6. "My art looks like a 5 year old did it." All I can say to that is Bravo! Children are, by nature, in touch with their creative spirits and are able to paint and draw with uninhibited abandon and joy! Picasso said that it took him ten years to paint like a master and the rest of his life to paint like a child. If you have unleashed your 5 year old artist, you have opened yourself to the possibility of discovering the sheer joy and wonder of making something come alive—and that something is yourself.
7. "I am afraid my work isn't good enough—what if others don't like it?" You will find very little agreement, even among art critics, on what is good or bad art. So rather than labeling your work, one way or another, allow yourself the joy of the exploration. Allow your imagination to play. As Einstein so wisely said, "Imagination is everything. It is the preview of life's coming attraction." Let that coming attraction be your own flowering. Forget what others think and believe in yourself.
8. "What if I make a mistake?" "A life spent making mistakes is not only more honorable, but more useful than a life spent doing nothing." —George Bernard Shaw.
Try as we may, there is no getting around it; we are an integral part of this vast creative universe. Just as we grasped for our first breath, we have an innate life giving creative, instinct to reach out and touch our world, affirming that we indeed are alive. Our art is an act of declaration. From our ability to create new life, to our ability to make, move and manipulate objects and ideas, to our ability to imagine new possibilities and project our will and insights out into the world, we are instruments of an ever changing creation, inside ourselves and out.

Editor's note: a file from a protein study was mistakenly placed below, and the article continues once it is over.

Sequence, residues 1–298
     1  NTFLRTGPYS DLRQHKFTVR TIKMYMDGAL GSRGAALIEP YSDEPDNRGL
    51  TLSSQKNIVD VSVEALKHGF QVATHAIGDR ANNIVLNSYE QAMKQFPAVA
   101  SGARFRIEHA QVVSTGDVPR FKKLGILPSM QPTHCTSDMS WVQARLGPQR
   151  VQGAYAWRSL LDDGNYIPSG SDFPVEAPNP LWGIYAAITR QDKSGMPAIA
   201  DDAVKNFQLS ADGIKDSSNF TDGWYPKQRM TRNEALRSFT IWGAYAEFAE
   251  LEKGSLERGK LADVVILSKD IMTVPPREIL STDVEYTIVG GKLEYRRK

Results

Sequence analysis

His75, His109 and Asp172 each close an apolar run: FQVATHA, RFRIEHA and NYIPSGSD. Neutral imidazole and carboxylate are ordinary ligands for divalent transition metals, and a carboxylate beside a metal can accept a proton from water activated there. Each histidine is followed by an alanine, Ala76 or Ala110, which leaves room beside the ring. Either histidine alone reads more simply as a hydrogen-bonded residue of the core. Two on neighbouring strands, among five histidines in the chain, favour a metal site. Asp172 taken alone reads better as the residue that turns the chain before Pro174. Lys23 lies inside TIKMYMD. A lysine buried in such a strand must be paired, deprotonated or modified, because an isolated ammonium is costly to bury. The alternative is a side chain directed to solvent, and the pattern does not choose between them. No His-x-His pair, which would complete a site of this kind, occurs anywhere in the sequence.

What do we have to fear? As we dare to open to the impulses of our creative expression, perhaps Rilke said it best "nothing strange shall befall us, but rather that which has already for a long time belonged to us." We are all creative beings. There are infinite possibilities for expression—and we are dreaming them every day.
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Out of My Creative Way
What could be a more fun writing topic than "Thoughts on Creativity?" It's an invitation to take a flight of fancy on the thermals of abstract thought, then paint a verbal landscape from an awe inspiring perspective. What fun!
That is, unless one is grounded by the fog.
A few artists I know seem to be ever inspired with new ideas and creative excitement. Their muse is never far from their side. Others, like myself, have periods where the creative light is obscured, sometimes for a week or two of heavy overcast, other times for a season or two of hibernation.
When I am separated from the warm glow of creative flow, there are still plenty of ways to exercise the creative muscles. I can push myself to imagine a new perspective when considering a problem. It may not feel as naturally free or fun as gliding in the lazy circles of a red-tail. Still, a new perspective, even one not gleaned from the joy of the flow, can produce a key that is capable of opening new doors.
What better problem to contemplate than the creative way and why I seem to be "out of it?" What better day or place to exercise my imagination than a sunny New Year's Day on the rocks above a tumultuous, high tide at Point Lobos.